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Congress attacks ‘cosy club of sycophants’

The party pointed at the Modi govt’s demonstration of anti-democratic mindset in its appointments to investigative agencies and watchdog institutions
Adhir Ranjan Chowdhury, Congress leader in the Lok Sabha, was referring to the proposed appointment of former diplomat and information commissioner Yashvardhan Kumar Sinha as the new chief information commissioner, and that of journalist Uday Mahurkar as information commissioner

Sanjay K. Jha   |   New Delhi   |   Published 31.10.20, 12:39 AM

The Congress on Friday reacted to the government’s choices for the new chief information commissioner and a new information commissioner by saying the Centre wanted to run the country through “a cosy club of favourite bureaucrats and sycophants”.

It said the Narendra Modi government’s record in “transparency and accountability” had been “pathetic” and that its appointments to investigative agencies and watchdog institutions demonstrated its anti-democratic mindset.

Adhir Ranjan Chowdhury, Congress leader in the Lok Sabha, was referring to the proposed appointment of former diplomat and information commissioner Yashvardhan Kumar Sinha as the new chief information commissioner, and that of journalist Uday Mahurkar as information commissioner.

Chowdhury had opposed these choices in his capacity as a member of the appointments committee, which includes the Prime Minister and the Union home minister.

“If you want to conduct administration through a cosy club of favourite bureaucrats and sycophants, democracy diminishes,” Chowdhury told The Telegraph.

“Watchdog institutions and investigative agencies like the CBI, Central Vigilance Commission, Lokpal, Central Information Commission, Comptroller and Auditor General of India play a critical role in the democratic functioning of the country. Any attempt to control these institutions with the help of pliable officers undermines democracy.”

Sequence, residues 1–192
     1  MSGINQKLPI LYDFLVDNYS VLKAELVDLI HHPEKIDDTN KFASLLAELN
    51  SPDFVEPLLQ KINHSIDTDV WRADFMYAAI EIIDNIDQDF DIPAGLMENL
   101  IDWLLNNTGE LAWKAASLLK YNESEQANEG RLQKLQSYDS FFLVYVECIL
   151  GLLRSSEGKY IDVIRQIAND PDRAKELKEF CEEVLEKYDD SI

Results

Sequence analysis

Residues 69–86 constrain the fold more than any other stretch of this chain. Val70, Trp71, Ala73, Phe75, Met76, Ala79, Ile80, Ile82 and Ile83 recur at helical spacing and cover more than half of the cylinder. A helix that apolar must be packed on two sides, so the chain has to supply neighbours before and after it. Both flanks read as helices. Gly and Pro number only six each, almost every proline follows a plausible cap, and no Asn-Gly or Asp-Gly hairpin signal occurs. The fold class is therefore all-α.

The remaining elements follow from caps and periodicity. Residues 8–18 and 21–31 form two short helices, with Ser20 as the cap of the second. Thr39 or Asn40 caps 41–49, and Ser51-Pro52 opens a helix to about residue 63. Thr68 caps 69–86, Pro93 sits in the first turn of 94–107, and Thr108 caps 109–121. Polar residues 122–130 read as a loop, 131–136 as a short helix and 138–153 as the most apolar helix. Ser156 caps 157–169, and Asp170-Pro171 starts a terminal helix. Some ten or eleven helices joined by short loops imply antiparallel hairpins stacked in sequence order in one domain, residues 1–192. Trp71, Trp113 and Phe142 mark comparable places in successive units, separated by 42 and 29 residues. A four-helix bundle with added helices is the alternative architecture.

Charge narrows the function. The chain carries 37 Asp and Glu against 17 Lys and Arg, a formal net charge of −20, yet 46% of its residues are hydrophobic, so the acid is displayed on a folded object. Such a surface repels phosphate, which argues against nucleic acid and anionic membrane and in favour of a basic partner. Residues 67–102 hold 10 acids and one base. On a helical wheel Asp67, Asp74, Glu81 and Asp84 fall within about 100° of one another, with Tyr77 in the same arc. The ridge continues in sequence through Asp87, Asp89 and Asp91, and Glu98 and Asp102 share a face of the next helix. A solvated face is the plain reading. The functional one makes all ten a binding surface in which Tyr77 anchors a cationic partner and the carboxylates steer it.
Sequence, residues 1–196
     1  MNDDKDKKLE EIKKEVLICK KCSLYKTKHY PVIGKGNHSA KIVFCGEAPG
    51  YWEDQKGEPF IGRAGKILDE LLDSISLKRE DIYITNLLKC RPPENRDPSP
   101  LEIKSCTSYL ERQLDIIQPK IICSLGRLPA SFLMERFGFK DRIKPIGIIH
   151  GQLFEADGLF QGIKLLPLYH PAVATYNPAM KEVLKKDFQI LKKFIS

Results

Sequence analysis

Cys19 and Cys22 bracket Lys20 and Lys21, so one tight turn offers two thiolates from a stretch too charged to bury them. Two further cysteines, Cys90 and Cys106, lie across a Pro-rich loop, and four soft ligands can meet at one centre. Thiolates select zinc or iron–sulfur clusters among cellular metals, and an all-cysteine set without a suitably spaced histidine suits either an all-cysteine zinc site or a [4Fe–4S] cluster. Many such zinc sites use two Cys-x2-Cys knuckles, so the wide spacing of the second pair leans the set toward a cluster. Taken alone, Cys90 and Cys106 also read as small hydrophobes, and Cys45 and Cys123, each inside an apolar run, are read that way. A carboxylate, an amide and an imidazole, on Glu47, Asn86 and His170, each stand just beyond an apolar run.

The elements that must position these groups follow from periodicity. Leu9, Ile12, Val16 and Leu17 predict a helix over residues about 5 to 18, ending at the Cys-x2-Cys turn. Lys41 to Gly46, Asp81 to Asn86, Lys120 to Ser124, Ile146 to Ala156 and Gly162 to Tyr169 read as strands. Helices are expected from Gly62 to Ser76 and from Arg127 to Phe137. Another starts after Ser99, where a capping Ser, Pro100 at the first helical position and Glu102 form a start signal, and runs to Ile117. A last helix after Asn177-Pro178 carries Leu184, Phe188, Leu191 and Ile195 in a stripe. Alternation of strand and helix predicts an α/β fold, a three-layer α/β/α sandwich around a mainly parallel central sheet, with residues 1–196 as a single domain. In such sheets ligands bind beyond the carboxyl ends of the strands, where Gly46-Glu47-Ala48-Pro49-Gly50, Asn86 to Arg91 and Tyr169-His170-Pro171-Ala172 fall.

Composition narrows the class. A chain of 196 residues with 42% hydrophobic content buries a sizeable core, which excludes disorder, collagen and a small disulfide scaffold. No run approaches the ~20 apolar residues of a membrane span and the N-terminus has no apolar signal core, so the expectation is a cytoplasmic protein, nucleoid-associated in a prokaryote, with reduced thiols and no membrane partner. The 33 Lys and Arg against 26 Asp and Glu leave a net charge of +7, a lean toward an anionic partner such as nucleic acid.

Chowdhury is said to have recorded his dissent at the appointments committee’s October 24 meeting, alleging violation of the criteria laid down by the RTI Act.

He had argued that Sinha, a former Indian Foreign Service officer, lacked adequate “on-ground” domestic experience in the field of service delivery.

Chowdhury had supported the candidature of another information commissioner, Vanaja N. Sarna, who was senior to Sinha.

Mahurkar, Chowdhury had said, had not even applied for the post but was picked because he is a known Modi supporter. The journalist has written books on Modi and subscribes to the RSS ideology.

“There are two aspects (to such appointments): one, following the guidelines of the Supreme Court and the provisions of the act; two, deciding by consensus. This government has no concern for either. They just decide and bulldoze their decision,” Chowdhury said.

“We have seen it in the past. Democracy will not survive in this manner. There is a ‘Liberal Democracy Index’; India is falling in its rankings.”

Chowdhury had also objected to IAS officer Sanjay Kothari’s appointment as chief vigilance commissioner in April, citing a vitiation of the selection process — the search committee had included an official who was himself an applicant. The government had ignored the objections.

In the past, then Lok Sabha Opposition leader Mallikarjun Kharge had written dissent notes in vain.

During the selection of the Lokpal, Kharge had seven times refused to attend the committee meeting as he had been called as a special invitee without the right to vote. To justify the denial of voting rights, the government had cited the technicality of his not having been formally anointed as leader of the Opposition.

The Congress has consistently been complaining about a conspiracy to weaken democratic institutions.

There had been speculation about the Lok Sabha public accounts committee, headed by Chowdhury, writing to the CAG about the delays in filing audit reports over the past few years. Chowdhury confirmed on Friday that he had written to the CAG.

“Delays in the reports ensure that burning issues are forgotten. By the time the reports come, governments have changed in the states or events have overtaken the subject. We have summoned the CAG to explain the delays at the next meeting,” he said.

Apart from the delays, the number of the CAG’s reports has fallen sharply over the past few years.

During the tenure of Vindo Rai — which damaged the reputation of the Manmohan Singh government — the CAG used to churn out over 200 audit reports for Parliament and the state legislatures every year. It, however, produced just 73 reports in 2018-19 and 98 in 2017-18.

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